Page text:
1. PowerPoint Tutorials
  2. Shortcuts & Hacks
  3. Fix: Keyboard Shortcuts Not Working

Fix: Keyboard Shortcuts Not Working

By

Here are 5 common reasons why your keyboard shortcuts might not be working (all described below).

  1. Inversed media keys (0:25)
  2. Your language bar (1:52)
  3. International keyboard layouts (3:00)
  4. Mac keyboard (3:38)
  5. Program trolls - the worst! (4:11)
Watch the short video below for a walkthrough, or scroll below for more details.

Inversed media keys

Most new computers now start with the media keys at the top of the keyboard as the dominant command.

That is, if you hit the F1 through F12 keys, the media keys (mute, lower volume, increase volume, etc.) are triggered, rather than the standard F1-F12 commands.

Note: If your media keys aren’t working, you have the opposite problem: your F1 through F12 keys have been set as the dominant commands.

There are three different ways you can solve the media key problem:

Method #1: Add the FN key to your shortcut

Whichever problem you are having with your media keys, adding in the FN key to your shortcut will solve it.

For example, if F12 for Save As is not working in Word, Excel or PowerPoint, that probably means that your media keys are dominant.

You can just hit FN + F12 and your save as keyboard shortcut will work.

Method #2: Function lock your media keys

If you want to use your Media keys every once in a while but still use your shortcuts normally, you can simply lock your media keys.

To lock your media keys, find the Function Lock (FnLock) command on your keyboard and activate it. On my keyboard, the Function Lock shortcut is FN + ESC.

In this way, you can lock your Media keys, using the volume and mute commands when you are watching a movie on your computer, and then unlock it when you are using Excel, PowerPoint and Word, so you can use all of your F1 through F12 keyboard shortcuts normally.

Method #3: Switching your media keys

If you want your media keys to ALWAYS be in a specific way (you don’t want to flip back and forth between them) the final option is to restart your computer and in your System BIOS, choose how you want those function keys to behave.

For help doing that, see this article on what to do if your Function keys aren't working.

The language bar

If you are using more than one language input on your computer (English, Chinese, French, etc.) your language bar might have overridden some of your favorite keyboard shortcuts.

To adjust your language bar keyboard shortcuts, follow these steps, according to your version.

Version #1:

  1. Click on your language bar
  2. Select Language preferences
  3. Scroll down to Related Settings and click on Additional date, time, and regional settings
  4. Under the Language section, click on Change input methods
  5. In the left-side bar, select Advanced settings
  6. In the Switching input methods, select Options
  7. Select Change language bar hot keys
  8.  Change the key sequence for shortcuts that are missing

Version #2:

  1. Right-click your language bar
  2. Select Settings
  3. Select Advanced settings
  4. In the Switching input methods, select Options
  5. Select Advanced key settings
  6. Change the key sequence for shortcuts that are missing
For a video walkthrough of this, see the video at the top of the page at 1:52.

International keyboard layouts

Most keyboard shortcuts online are quoted using a standard U.S. keyboard.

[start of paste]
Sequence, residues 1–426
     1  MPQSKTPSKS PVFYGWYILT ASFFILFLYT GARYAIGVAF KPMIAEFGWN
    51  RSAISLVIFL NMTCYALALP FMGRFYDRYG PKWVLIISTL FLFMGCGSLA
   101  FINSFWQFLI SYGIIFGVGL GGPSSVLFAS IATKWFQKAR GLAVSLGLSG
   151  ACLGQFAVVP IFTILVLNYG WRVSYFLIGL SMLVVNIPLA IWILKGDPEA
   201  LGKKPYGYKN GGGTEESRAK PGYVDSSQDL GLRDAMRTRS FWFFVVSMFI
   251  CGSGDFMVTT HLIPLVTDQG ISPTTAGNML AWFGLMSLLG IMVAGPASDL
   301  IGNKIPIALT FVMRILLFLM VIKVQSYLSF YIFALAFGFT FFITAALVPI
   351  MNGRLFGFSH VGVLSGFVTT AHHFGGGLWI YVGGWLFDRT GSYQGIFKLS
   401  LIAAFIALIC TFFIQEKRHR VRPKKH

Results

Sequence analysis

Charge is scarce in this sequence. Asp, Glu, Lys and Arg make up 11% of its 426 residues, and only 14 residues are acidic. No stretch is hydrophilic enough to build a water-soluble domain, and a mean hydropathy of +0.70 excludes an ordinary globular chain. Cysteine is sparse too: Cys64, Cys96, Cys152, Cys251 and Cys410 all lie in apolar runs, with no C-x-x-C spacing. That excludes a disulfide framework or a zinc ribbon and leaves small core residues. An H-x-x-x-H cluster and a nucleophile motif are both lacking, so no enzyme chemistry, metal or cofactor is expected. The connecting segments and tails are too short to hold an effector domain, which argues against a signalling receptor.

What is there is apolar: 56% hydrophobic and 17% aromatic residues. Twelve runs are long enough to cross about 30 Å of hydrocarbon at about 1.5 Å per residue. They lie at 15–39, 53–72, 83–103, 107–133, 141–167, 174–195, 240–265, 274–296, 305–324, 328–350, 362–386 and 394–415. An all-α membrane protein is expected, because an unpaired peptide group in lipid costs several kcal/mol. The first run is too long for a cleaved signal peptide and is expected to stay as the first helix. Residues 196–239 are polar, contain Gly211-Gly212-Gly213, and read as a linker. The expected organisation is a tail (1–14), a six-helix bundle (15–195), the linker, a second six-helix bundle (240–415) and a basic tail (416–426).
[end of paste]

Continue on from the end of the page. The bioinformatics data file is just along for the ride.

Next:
That means that if you are using a Dutch, French or other non-English keyboard, the key sequences to your different shortcuts might be slightly different.

There is no catch-all description for what will and won’t work, so you’ll just have to look them up for your specific keyboard.'

In this, Google is your friend.

Mac keyboard layouts

Most keyboard shortcuts are quoted based on Windows keyboards.

That means that if you are using a Mac or a Mac keyboard, your key sequences might be slightly different, and require a bit of extra research.

In general, the CMD key on a Mac translates to the CTRL key on a Windows keyboard, allowing you to quickly learn Windows keyboard shortcuts.

For example, the Copy shortcut is:

  • CMD + C to Copy on a Mac keyboard
  • CTRL + C to Copy on a Windows keyboard

That said, there are other shortcuts that require extra keys like the Group shortcut.

  • CMD + OPTION + G to Group on a Mac keyboard
  • CTRL + G to Group on a Windows keyboard

Program trolls (the worst!)

Having a Program Troll hijacking your shortcuts is another common way you might lose access to your favorite keyboard shortcuts, for no apparent reason.

Program Trolls are simply other programs you install on your computer that have their own set of shortcuts that take over your existing keyboard shortcuts.

This can happen immediately when the program is installed on your computer (like EverNote), or it can happen only when the program is open and running (like GoTo Webinar).

3 common Program Trolls I see are EverNote, GoToWebinar and Camtasia.

To get your old keyboard shortcuts back, all you need to do is:

  1. Find the Program Troll in question (this might take some trial and error)
  2. Open the settings or options for that program
  3. Find the Hotkey or Shortcut section
  4. Find your lost shortcuts and change them in the program

Changing the shortcuts for each Program Troll should automatically turn on your old shortcut, but you can always restart your computer to make sure it takes.

To see an example of me clearing out some overridden EverNote shortcuts, see 4:11 of the video tutorial at the top of the page.

What's next?

Updated on December 10, 2017

Was this article helpful?

Related Articles

0 Shares